But all these developed economies are burdened with huge debts due to non-saving culture. While India's overall debt percentage of GDP is 122%, the same for Britain jand Japan is over 500%. The US (289%), Germany (287%), South Korea (315%), France (349%), Spain (366%), Italy (310%), Brazil (494%) are the other countries from 'developed world' that have huge debt to GDP ratio.


One of the major reasons for such kind of huge debt is the high household debt percentage of GDP in countries like Britain, Canada, US, South Korea and Spain.

According to Prof Vaidyanathan, another issue before these developed world is dwindling birth rate. Almost all these countries have a population that is growing in age or retiring from active earning. At the same time, there is no replacement or same numbers are not being replaced by new work force. This is leading to migration and then there are other issues emerging related with this.


Quoting The Economist, he said, during 2010, 40.8% of all births in the US were to unmarried mothers. What was illegitimate has become new normal. In UK, there are more households with TV sets than fathers. This means, sovereignty of family is disappearing and is being replaced by single parent, mostly women, family.


Another issue in these developed countries is rising unemploment. "Spain’s jobless rate for people ages 16 to 24 is approaching 50%. Greece’s is 48%, and Portugal’s and Italy’s, 30%. In Britain, the rate is 22.3%, the highest since such data began being collected in 1992. The comparable rate for Americans is 18%. and most of the unemployed youth do not have skills. Such scenario definitely create social problems, the Professor said.


Importance of India UnInc

According to Prof Vaidyanathan, the growth of the economy in the nineties should be attributed to the partnership and proprietorship (P&P) firms in service activities and not due to the reforms carried out by the government or the miniscule contribution of the corporate sector, but ironically this remarkable contribution of the P&P sector has not been documented and appreciated.


He said, unfortunately, the governments control and regulate an economic activity of these P&P firms or the unincorporated economy that it does not understand and tax it, if it is growing fast. This gargantuan appetite of the government goes against the grain of our civilisation ethos and negates the entrepreneurship of the non-corporate sector designated mini, small and medium enterprises. Its contribution to national savings hasn’t received the recognition because the aberration is due to it being wrongly labeled “household sector, though many of them notch turnovers running into hundreds of crores. The concept of capacity is cosmic and unlimited unlike western notions of limited capacity and possibility of increasing output only by increasing capital, Prof Vaidyanathan added.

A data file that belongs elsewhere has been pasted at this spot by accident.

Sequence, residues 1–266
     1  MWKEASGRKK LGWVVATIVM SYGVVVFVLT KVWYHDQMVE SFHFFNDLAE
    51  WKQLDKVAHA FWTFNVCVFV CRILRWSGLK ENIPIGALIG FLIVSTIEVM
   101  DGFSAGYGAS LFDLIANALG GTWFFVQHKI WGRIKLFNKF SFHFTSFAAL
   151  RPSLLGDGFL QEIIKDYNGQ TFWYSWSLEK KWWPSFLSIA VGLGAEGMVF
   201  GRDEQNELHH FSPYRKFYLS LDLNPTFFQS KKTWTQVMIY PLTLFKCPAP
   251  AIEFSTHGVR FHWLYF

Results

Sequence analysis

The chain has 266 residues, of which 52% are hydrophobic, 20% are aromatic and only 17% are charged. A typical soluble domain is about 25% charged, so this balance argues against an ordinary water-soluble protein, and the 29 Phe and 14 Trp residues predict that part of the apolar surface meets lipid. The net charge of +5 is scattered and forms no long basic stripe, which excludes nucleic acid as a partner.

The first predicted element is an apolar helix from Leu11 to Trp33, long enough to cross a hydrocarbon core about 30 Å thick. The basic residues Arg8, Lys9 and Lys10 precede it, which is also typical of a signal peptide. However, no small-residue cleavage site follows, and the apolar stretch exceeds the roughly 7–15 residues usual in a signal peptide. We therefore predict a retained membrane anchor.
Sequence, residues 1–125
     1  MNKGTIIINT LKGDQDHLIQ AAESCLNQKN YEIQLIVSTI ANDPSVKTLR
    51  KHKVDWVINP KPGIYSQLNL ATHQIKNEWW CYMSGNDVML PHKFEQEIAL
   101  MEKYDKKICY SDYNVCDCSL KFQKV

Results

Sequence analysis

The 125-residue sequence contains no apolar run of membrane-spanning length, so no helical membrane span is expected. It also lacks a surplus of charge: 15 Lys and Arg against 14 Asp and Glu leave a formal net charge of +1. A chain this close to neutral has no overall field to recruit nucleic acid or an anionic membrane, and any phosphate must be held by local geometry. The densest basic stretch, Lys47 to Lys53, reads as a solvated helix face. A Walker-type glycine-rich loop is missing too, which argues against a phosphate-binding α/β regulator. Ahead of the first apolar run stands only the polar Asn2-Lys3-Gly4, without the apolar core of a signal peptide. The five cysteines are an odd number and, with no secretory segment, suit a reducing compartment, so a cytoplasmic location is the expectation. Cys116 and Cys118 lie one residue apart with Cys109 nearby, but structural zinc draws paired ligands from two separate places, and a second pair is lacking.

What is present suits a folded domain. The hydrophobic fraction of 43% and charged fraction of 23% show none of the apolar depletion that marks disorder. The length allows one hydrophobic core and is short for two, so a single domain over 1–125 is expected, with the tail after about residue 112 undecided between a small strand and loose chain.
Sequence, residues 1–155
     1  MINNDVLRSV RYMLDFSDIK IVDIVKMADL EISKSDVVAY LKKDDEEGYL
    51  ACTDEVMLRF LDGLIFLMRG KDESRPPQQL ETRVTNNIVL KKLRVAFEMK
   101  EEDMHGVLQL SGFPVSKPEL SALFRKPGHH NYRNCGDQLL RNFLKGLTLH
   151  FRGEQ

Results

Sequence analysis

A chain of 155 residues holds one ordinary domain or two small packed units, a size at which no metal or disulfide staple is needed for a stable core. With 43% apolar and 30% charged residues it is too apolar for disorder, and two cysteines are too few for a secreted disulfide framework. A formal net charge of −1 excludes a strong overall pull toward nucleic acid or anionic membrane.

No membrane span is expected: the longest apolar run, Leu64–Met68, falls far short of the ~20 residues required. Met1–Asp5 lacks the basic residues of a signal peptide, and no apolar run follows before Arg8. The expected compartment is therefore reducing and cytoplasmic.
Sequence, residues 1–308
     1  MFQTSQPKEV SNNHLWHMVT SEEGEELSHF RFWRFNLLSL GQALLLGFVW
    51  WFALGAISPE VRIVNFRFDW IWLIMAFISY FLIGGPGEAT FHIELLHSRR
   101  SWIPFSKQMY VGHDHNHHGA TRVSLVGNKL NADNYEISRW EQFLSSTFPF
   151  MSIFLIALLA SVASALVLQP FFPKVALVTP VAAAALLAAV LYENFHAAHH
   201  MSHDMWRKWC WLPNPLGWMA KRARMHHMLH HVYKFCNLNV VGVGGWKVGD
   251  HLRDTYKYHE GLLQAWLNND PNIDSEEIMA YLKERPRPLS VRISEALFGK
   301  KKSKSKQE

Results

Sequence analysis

FDI in retail trade- facts and fiction

Dissecting the myths and reality about FDI in retail trade, the Professor said, the trade is dominated by P&P firms. "The retail revolution that is applauded by planners, encouraged the government and eagerly talked by experts but not many seem to be worrying about the millions of retail traders, who will get marginalised. There is not much debate, let alone informed debate, among academics and other policy-makers about the far reaching implications that the entry of global retailers has on our economy, where the level playing field argument is meaningful and significant too," he said.


Wholesale and retail trade contributes 16.6% to India's GDP, which is next only to agriculture's 17.5%. Livelihood of 30 million, including children and others, is involved in retail trade. About 120 million will be directly impacted by the so-called retail revolution (read FDI in retail), when real estate sharks will corner prime land to construct large malls by evicting retailers, Prof Vaidyanathan cautioned.


He said, "Many householders will then create small retail shops inside their homes with the help of surplus self-employed in-house labour with mini refrigerators to store just-in-time stock of cola and bundles of toilet paper rather than a major retail revolution with the razzle-dazzle of shopping in comfortable surroundings, computer generated unreadable printouts as a panacea for all problems. The arguments that the new outlets will remain open for longer hours unlike those in the West where they close early and on Sundays falls flat as the local next door mom-n-pop kirana shops manned by the efficient owner knowing and his family the customers’ tastes, requirements, price considerations offers free home deliveries and also extends credit. He opens at 7am and closes at 10pm every day for 365 days, but labeled ‘unorganized’ by our experts and the national income data to diminish his contribution. The customers don’t need to blow up fuel to drive miles away to go to the malls. The footfalls in these shops cannot be measured using western models [since there is no place to keep anybody’s foot inside his shop!] and so he is derided and abused. It is like clubbing housewives with prostitutes in our Census data to show them that they are involved in ‘unproductive’ activities."